We celebrate our 6th birthday, our initial success in providing ongoing updates on the earthquake relief to Turkey, our incredible translation team, and Faisal’s publication in the Free Press!
Welcome back to the IBB Update!
Yesterday was Ideas Beyond Borders’ sixth birthday! Since we were founded by Faisal Saeed Al Mutar and Melissa Chen back in 2017, we have opened offices in three countries, rendered over 44 million words into Arabic, Farsi, Kurdish, and Pashtu, and have sponsored around 100 projects and individuals via our Innovation Hub initiative. This all started with a book, the Nonprofit Kit for Dummies, in a LA motel room. Now, we’re a worldwide force shaping the future of the Middle East with over two hundred staff members dedicated to one mission: getting good ideas where they are needed most!
We couldn’t have done it alone, so thank you to all our friends, followers, and donors who have helped us turn this dream into a reality. If you would like to join us on our mission, please subscribe to our mailing list and share these updates with those you know!
80% of every dollar we receive goes directly towards supporting our programs, including Substack subscriptions!
She Embodies Our Mission
“For as long as I can remember, I have wanted to contribute to making content available in Arabic, especially the controversial content. For that reason, I was lucky to be part of Bayt al-Hikma, which provided me with the required basics and tools in translation and built the key competencies that any would-be translator should master. Translating books for Bayt al-Hikma gives me fresh insights into human rights, critical thinking and evolution; this project has done an amazing job in making controversial content more accessible for people in the MENA region.”
Razan Hamida has worked as a translator for our Bayt al-Hikma team for four years now. Razan sought us out when we were first getting started as she was dismayed at the lack of sources available in Arabic which explored the topics she was interested in. The recent earthquakes in Syria and Turkey destroyed her apartment, but she continued her work translating Free Speech by Jacob Mchangama and Development with Dignity by Tom Palmer while living out of her car. Her story is our story, one of determination and the power of an individual to overcome adversity and make lasting change. Make sure to read her full interview on the challenges she’s faced, the controversial books she’s covered, and her hope for the future of Ideas Beyond Borders.
Read our full interview with Razan here and consider donating directly to our earthquake relief fund.
We have finished our work translating Free Speech and Development with Dignity! The books are already available for free at our Bayt-al-Hikma website for any of the 371 million Arabic speakers around the world who care to read them. Our translation team is now working on Dr. Timur Kuran’s groundbreaking book “Private Truths, Public Lies” which explores the role of information and belief systems in shaping economic behavior and societal institutions and how ideas can be manipulated and controlled by those in power to maintain their status and influence. His concept of preference falsification is essential for anyone seeking to learn about the nature of authoritarian regimes.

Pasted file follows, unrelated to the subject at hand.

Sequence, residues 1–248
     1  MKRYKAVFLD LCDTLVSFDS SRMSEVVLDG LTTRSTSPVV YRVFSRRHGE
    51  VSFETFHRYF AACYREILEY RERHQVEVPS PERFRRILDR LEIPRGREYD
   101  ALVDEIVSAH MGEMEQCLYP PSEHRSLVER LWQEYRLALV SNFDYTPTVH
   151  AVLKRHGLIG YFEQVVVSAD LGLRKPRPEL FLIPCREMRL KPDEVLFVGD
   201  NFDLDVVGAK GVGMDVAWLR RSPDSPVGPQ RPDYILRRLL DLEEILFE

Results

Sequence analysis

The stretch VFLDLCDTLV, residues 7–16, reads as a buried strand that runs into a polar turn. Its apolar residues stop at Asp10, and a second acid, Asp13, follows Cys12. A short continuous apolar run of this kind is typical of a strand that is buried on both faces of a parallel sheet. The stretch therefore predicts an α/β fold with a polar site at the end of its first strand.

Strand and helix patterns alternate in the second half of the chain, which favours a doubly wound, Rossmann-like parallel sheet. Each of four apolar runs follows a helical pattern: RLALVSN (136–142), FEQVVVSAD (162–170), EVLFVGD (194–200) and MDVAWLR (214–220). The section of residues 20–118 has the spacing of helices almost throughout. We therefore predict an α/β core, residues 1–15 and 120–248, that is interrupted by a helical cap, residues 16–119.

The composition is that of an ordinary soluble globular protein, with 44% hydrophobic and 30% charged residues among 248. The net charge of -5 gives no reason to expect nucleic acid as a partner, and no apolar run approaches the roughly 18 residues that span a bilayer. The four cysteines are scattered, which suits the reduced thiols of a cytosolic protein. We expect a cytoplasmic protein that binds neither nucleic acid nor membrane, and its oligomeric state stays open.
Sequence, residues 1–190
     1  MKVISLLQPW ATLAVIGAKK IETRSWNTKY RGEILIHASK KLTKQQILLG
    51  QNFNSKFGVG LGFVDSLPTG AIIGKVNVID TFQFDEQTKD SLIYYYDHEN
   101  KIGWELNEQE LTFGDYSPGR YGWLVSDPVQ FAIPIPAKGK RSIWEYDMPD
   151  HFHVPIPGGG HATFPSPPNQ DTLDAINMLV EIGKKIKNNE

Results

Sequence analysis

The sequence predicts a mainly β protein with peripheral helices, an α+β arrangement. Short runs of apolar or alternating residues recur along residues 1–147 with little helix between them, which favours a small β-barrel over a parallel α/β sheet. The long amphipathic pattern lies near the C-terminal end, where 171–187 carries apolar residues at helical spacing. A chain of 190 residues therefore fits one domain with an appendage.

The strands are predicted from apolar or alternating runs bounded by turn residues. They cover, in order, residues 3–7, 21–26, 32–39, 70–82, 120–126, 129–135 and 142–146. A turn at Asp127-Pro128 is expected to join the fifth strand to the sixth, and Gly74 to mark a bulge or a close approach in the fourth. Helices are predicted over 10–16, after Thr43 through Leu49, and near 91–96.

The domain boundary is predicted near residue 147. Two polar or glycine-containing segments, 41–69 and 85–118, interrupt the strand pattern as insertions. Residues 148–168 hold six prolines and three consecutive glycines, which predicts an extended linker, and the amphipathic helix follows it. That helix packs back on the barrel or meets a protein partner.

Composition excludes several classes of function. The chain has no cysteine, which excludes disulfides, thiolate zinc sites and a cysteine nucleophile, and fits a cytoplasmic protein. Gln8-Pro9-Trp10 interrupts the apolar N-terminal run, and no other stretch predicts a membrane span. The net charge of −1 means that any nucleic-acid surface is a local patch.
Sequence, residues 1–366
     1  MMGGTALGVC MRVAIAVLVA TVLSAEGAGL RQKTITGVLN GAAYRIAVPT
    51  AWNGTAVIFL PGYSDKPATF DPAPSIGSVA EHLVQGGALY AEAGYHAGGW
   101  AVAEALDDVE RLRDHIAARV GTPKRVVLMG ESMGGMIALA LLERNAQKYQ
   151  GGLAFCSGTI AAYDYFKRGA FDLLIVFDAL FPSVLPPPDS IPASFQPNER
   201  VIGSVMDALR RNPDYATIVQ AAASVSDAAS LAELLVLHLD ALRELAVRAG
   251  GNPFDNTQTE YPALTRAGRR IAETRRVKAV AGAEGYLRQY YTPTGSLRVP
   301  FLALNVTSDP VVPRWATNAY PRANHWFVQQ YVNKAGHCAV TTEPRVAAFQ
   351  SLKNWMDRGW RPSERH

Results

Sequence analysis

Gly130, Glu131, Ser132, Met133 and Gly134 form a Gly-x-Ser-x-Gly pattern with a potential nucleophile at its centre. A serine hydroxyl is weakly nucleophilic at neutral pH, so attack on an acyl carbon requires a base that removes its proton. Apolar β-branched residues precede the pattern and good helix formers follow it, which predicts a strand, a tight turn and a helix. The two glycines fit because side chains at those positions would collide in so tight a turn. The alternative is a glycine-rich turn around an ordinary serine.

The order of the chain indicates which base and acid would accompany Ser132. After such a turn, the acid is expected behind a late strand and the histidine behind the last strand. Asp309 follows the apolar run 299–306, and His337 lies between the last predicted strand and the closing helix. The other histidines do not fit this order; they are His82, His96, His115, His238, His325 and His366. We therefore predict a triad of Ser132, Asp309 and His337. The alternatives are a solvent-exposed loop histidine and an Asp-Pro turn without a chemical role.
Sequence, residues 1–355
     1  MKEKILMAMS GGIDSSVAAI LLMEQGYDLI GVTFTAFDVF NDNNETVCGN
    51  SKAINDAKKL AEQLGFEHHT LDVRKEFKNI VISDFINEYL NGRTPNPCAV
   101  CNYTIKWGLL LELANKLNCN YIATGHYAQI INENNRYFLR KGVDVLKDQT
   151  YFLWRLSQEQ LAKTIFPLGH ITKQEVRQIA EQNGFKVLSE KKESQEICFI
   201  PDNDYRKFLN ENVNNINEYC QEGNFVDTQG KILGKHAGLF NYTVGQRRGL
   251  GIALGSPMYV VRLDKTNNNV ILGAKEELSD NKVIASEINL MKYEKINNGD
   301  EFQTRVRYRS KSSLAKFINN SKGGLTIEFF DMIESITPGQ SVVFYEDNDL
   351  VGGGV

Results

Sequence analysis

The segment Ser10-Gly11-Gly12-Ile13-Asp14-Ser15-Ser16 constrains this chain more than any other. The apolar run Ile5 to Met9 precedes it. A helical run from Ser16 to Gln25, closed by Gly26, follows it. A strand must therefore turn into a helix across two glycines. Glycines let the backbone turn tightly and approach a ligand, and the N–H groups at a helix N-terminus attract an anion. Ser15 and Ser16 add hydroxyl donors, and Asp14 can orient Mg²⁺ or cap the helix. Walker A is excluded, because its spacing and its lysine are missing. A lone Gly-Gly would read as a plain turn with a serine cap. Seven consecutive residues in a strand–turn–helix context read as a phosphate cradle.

The International Correspondent
“It is hard to express what it means, if you have lived under an authoritarian regime, to experience freedom. Those who have grown up with the privilege of liberty are lucky not to understand it—and the heavy price you are willing to pay for it if you have lived without it.”
Faisal published an article on the fallout of the Iraq war and his search for freedom in America over at Bari Weiss’s Free Press. We’ve republished the entire essay at the International Correspondent, where he shares the story of his brother’s disappearance and murder during the Iraq War. He talks about his involvement in fighting against al-Qaeda in West Baghdad and the danger it put him in. Despite the chaos and dislocation caused by the war, he does not hold any ill will toward America. He believes that the invasion was necessary for Iraq to move toward freedom and away from the dark past of an authoritarian regime. His optimism for a future in which he can return to his old neighborhood and memories shared with his family, including his brother, is the founding power source of Ideas Beyond Borders.
Earthquake Relief in Turkey
“The Syrians worked hard to rebuild their lives in Turkey. Most of them work long hours to buy just enough food to survive. Now their lives have been destroyed again, and many have given up hope,” Hani Hammadeh says. “I’ve seen this in humans, after long exposure to tragedy, they start to feel nothing – they aren’t sad or angry or hungry. Nothing shows on their faces. They are just numb.”
The earthquakes that hit southern Turkey and Syria, claiming over 50,000 lives, have shattered the stability of the entire Anatolia peninsula. Syrian refugees in Turkey have been disproportionately affected by the earthquake and face even more uncertainty as they confront the prospect of rebuilding their lives. Many survived on odd jobs before the disaster and now have no means of earning a living. Turkish survivors can seek work in the country’s northern provinces, but Syrian refugees must stick to the places they were registered in or risk deportation. Aid efforts to help survivors in Syria have faltered in the face of political wrangling with the Assad regime. The Syrian government and Turkey-backed opposition groups blocked at least 130 trucks carrying food, medical supplies and tents from reaching Kurdish-majority neighborhoods in Aleppo. We haven’t let that stop us though, and are still working with our allies on the ground to deliver aid and hope to these survivors.
Read our full story on the Earthquake relief efforts here.